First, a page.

10. 10. Data Collection • Deployment schedule of 3 cycles of observing the 9 defined spaces across the 9 branches • Each cycle included scheduled observations at different times of the day and days of the week, over a one-week period • Staff used tablets and/or Chromebooks to observe the spaces, ask patrons the survey questions, and record the responses using a Google form
  11. 11. Response Rate • Observations: – Brampton: 1634 observations across 3 branches – Calgary: 1483 observations across 5 branches – Markham: 517 observations across 1 branch • Patron survey*: – Brampton: 221 responses across 3 branches – Calgary: 395 responses across 5 branches – Markham: 137 responses, 1 branch *NB: Most patrons provided more than a single verbal response to survey questions.
  12. 12. Key Finding #1 • 96% of patrons feel welcome when they visit the library. • 91% of patrons find the library staff helpful. • 69% of patrons find the library furniture to be comfortable. • 1% reported the need for more and improved furniture. Patrons experience libraries as welcoming places.
  13. 13. Key Finding #2 • 90% of patrons report they accomplished what they intended to when visiting the library. • 85% of patrons report being able to find what they were looking for. • Most patrons are accomplishing this without help from staff (60%), while many interacted with staff (35%) during their visit. Patron expectations are being met
  14. 14. Key Finding #3 • Patrons are interacting with staff, and with other patrons, throughout the day: – 40% in the evening – 31% in the afternoon – 24% in the morning • When patrons are talking in groups, they are both socializing and studying. Libraries are social places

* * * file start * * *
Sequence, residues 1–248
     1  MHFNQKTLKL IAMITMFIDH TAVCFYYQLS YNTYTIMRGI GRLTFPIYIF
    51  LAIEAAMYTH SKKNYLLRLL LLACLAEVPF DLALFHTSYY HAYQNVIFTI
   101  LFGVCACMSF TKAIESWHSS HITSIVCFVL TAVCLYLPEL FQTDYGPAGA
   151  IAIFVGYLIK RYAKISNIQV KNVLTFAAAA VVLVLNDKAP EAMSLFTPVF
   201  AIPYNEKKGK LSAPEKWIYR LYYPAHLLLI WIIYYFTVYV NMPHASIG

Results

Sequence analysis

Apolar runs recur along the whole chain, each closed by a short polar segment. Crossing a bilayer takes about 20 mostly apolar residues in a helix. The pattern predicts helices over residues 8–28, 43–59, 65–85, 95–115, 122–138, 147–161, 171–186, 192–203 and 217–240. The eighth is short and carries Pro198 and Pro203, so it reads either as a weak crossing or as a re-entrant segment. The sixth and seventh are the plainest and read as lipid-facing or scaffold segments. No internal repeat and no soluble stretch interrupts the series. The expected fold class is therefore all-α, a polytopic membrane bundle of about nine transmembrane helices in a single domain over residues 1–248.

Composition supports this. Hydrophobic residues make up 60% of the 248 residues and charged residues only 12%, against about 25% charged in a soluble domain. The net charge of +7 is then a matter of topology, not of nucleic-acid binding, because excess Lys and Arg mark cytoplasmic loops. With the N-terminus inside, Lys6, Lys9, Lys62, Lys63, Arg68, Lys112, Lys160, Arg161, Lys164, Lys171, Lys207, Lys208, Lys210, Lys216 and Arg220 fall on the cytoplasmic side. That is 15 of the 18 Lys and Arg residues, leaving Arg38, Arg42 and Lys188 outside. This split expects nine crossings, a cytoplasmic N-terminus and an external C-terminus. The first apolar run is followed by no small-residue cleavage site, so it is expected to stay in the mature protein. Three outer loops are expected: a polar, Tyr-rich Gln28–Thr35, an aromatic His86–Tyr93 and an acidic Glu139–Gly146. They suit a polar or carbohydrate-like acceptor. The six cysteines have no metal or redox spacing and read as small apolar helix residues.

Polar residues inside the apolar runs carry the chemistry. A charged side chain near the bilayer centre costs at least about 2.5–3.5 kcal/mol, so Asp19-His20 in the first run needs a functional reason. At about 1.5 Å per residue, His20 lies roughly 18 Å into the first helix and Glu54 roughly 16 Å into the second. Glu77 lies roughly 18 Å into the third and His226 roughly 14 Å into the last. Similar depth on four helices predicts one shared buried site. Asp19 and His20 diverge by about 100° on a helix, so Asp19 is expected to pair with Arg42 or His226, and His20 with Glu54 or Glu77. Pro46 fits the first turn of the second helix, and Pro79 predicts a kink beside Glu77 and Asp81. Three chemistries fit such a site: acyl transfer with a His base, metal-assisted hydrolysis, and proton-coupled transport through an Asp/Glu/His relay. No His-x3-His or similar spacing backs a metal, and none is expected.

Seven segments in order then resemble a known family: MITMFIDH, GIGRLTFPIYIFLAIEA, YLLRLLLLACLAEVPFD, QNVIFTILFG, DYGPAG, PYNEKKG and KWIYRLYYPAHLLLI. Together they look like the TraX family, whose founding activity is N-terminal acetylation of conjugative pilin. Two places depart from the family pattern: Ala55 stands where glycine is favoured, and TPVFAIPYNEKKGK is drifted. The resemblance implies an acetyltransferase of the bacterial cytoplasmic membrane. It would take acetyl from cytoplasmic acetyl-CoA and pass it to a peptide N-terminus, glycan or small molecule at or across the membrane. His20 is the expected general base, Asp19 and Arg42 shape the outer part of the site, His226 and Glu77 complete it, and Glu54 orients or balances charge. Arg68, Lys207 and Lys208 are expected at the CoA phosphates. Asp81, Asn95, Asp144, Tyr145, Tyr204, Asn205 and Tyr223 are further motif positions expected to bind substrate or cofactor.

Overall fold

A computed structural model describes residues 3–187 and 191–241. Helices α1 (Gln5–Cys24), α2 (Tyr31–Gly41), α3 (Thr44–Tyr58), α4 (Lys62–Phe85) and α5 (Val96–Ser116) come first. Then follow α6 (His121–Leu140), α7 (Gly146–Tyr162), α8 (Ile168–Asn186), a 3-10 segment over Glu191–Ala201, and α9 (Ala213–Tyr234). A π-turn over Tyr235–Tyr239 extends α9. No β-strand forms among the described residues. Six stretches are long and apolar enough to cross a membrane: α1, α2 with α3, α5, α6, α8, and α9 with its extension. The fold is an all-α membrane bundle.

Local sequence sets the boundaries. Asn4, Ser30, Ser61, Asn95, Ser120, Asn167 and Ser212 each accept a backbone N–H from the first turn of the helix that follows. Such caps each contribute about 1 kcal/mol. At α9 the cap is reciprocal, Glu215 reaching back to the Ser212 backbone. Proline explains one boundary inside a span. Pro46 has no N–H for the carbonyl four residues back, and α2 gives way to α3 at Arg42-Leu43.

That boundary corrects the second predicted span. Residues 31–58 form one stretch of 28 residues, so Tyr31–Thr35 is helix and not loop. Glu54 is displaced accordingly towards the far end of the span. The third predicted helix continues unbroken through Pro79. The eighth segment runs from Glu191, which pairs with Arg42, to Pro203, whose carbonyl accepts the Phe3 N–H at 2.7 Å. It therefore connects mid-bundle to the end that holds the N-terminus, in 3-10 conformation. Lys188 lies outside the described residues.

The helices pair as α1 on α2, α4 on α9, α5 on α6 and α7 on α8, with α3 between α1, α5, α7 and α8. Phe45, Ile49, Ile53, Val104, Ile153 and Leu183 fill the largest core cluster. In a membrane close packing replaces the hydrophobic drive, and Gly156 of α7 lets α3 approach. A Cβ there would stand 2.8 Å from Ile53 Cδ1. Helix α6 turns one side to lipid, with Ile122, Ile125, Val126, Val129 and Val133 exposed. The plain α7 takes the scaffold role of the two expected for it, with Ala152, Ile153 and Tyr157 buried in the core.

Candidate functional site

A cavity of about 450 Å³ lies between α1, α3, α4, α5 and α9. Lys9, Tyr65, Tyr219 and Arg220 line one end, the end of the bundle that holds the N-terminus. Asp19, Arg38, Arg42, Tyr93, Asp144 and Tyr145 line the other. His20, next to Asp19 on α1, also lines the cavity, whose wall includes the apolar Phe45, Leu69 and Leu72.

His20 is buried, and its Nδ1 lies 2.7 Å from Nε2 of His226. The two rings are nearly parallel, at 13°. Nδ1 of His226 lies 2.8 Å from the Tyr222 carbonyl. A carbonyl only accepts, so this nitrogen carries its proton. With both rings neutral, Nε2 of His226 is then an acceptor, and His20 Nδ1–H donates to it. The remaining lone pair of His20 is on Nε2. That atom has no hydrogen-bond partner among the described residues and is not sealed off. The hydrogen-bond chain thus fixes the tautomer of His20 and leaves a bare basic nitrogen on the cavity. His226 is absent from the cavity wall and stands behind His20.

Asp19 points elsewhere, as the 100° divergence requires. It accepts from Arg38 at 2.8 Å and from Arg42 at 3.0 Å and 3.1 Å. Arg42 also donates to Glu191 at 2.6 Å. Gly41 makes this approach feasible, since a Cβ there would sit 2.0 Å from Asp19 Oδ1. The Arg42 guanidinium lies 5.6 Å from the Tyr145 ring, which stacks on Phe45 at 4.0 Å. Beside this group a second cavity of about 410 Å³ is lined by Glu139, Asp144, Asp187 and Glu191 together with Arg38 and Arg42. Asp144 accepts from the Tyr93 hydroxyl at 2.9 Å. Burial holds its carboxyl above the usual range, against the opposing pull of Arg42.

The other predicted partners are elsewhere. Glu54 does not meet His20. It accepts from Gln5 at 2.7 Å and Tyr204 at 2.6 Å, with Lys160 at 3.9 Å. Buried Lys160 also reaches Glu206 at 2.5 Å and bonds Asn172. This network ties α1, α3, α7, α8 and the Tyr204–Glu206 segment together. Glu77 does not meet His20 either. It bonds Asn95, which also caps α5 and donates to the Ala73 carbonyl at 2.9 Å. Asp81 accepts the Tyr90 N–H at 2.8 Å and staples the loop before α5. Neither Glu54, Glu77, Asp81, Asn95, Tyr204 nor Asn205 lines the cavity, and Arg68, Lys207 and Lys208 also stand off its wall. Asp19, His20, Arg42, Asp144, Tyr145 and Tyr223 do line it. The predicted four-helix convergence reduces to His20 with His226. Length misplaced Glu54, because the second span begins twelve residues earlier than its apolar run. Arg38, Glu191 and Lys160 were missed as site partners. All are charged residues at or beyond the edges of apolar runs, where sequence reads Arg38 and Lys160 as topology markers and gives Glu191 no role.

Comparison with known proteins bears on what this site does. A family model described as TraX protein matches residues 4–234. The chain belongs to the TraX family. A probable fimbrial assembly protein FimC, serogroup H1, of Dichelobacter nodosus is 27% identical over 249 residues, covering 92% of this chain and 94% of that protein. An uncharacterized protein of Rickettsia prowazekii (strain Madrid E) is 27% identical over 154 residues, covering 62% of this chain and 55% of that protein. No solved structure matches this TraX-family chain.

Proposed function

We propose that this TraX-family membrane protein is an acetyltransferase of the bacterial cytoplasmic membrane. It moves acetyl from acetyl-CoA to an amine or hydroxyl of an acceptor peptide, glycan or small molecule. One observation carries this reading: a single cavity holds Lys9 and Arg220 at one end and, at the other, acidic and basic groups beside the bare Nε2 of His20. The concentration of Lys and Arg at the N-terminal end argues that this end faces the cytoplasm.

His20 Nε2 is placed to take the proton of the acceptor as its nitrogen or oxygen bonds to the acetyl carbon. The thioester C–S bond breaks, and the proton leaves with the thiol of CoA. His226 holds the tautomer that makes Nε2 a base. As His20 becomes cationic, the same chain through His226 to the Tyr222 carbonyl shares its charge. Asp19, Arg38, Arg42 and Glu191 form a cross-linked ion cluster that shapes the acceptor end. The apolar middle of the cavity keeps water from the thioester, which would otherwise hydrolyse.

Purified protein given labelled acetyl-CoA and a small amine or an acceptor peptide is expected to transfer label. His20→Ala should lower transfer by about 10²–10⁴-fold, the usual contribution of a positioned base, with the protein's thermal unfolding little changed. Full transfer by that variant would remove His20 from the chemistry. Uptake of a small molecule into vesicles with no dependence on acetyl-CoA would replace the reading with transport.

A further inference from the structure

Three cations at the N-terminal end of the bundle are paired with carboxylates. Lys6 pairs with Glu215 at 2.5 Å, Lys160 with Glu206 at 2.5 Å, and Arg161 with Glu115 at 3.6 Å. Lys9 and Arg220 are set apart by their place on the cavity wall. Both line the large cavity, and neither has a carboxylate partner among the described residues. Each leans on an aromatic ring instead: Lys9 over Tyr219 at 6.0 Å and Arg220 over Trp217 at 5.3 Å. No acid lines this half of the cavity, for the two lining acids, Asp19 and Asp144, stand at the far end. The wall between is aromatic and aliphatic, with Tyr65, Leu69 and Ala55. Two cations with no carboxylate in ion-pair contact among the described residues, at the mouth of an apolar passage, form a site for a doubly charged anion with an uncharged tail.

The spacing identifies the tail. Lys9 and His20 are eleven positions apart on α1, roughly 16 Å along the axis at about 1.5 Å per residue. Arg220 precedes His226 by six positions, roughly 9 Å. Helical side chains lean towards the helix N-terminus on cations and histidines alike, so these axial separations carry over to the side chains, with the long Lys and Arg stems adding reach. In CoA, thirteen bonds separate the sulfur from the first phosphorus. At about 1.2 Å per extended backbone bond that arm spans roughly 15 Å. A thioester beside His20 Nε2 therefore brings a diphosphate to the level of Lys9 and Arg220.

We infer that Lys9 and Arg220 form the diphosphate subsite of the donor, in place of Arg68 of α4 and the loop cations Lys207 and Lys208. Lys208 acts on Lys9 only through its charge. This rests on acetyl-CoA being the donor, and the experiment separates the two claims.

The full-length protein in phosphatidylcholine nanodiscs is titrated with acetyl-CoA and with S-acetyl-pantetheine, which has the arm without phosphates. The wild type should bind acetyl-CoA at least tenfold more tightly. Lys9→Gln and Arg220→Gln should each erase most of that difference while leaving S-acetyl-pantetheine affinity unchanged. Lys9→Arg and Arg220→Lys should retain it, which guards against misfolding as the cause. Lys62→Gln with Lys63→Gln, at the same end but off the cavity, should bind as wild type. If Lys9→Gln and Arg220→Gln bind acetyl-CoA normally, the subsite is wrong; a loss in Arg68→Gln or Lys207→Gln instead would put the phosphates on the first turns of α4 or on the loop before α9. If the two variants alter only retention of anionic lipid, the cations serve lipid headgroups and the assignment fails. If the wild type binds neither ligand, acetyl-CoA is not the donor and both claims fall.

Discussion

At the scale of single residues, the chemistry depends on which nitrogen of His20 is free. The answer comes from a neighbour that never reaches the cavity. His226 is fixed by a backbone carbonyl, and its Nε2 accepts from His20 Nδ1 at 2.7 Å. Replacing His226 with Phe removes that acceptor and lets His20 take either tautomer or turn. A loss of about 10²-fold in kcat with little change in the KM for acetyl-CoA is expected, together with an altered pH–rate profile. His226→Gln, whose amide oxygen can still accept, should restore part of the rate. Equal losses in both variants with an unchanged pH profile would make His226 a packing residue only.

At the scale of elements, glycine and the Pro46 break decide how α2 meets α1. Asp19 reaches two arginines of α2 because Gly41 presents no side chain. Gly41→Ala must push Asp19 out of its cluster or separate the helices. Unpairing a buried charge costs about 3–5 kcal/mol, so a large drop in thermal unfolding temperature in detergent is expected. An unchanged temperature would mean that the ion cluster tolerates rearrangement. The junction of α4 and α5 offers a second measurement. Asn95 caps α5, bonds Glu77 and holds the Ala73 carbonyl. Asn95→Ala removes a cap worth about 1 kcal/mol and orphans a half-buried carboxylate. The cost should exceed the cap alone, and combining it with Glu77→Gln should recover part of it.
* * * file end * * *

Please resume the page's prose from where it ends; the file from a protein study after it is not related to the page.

15. 15. Key Finding #4 • There is often conflict between patrons who expect the library to be quiet, and patrons who are using the library to socialize, engage with their children, and participate in programs. • While 14% of patrons described the library as quiet and peaceful, 13% reported the library as too noisy. • Loud and quiet activities are taking place throughout the day, and with very little difference in participation by gender. Managing noise-level expectations is challenging
  16. 16. Key Finding #5 • Libraries continue to be places where people seek quiet activities, including browsing the collection, reading, writing and studying: – 25% of patrons reported that they use the library to study. • Patrons continue to depend on the library as a place to borrow books: – 36% of patrons reported borrowing a book as the primary reason for visiting the library. • 3% of patrons indicated the need for more study space. Traditional library activities are still popular
  17. 17. Key Finding #6 • Handheld devices and laptop computers are common possessions patrons bring with them to the library: – 72% of adults and 21% of teens have a handheld device with them at the library. – 56% of adults and 33% of teens have a laptop with them at the library. BYO device is the new normal
  18. 18. Lessons Learned Benefits • Using an accepted and common methodology allows for some comparison across studies and over time. • Contributes to body of knowledge. • Lots of data were collected, specific to system and branch, to inform practice, policies, space and service design. Challenges • Observation studies depend upon staff participation. • Data collection is time consuming, and competes with other staff responsibilities.
  19. 19. Learn More CULC Research Reports at – Community Employment Study – Employee Happiness & Engagement Report – Library Space Use Study
  20. 20. Q & A
  21. 21. Thank You Kimberly Silk, MLS Principal Consultant, Brightsail Research